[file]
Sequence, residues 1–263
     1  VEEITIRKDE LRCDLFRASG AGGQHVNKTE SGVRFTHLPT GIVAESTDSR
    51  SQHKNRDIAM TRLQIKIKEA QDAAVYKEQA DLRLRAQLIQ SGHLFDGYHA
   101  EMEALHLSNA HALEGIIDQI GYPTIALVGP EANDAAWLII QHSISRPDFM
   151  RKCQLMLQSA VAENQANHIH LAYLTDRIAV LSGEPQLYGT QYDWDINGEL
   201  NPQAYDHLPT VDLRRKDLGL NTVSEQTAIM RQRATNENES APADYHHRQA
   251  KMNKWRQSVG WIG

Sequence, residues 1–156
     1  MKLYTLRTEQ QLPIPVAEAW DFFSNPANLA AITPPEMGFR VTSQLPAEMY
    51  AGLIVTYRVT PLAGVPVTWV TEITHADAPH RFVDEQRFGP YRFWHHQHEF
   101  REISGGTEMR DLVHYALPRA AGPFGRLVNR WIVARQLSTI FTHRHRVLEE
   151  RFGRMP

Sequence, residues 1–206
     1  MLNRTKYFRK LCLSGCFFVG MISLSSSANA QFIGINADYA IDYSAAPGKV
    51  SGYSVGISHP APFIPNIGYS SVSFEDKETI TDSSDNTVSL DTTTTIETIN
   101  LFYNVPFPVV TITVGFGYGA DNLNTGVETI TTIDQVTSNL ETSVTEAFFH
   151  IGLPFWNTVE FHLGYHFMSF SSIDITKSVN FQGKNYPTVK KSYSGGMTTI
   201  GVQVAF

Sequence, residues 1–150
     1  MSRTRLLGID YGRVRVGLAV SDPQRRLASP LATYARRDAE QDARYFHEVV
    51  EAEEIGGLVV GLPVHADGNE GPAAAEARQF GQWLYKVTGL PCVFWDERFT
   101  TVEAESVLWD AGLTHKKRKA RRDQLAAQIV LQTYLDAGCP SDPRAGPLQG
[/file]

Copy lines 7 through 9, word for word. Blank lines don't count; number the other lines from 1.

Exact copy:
   251  KMNKWRQSVG WIG

Sequence, residues 1–156
     1  MKLYTLRTEQ QLPIPVAEAW DFFSNPANLA AITPPEMGFR VTSQLPAEMY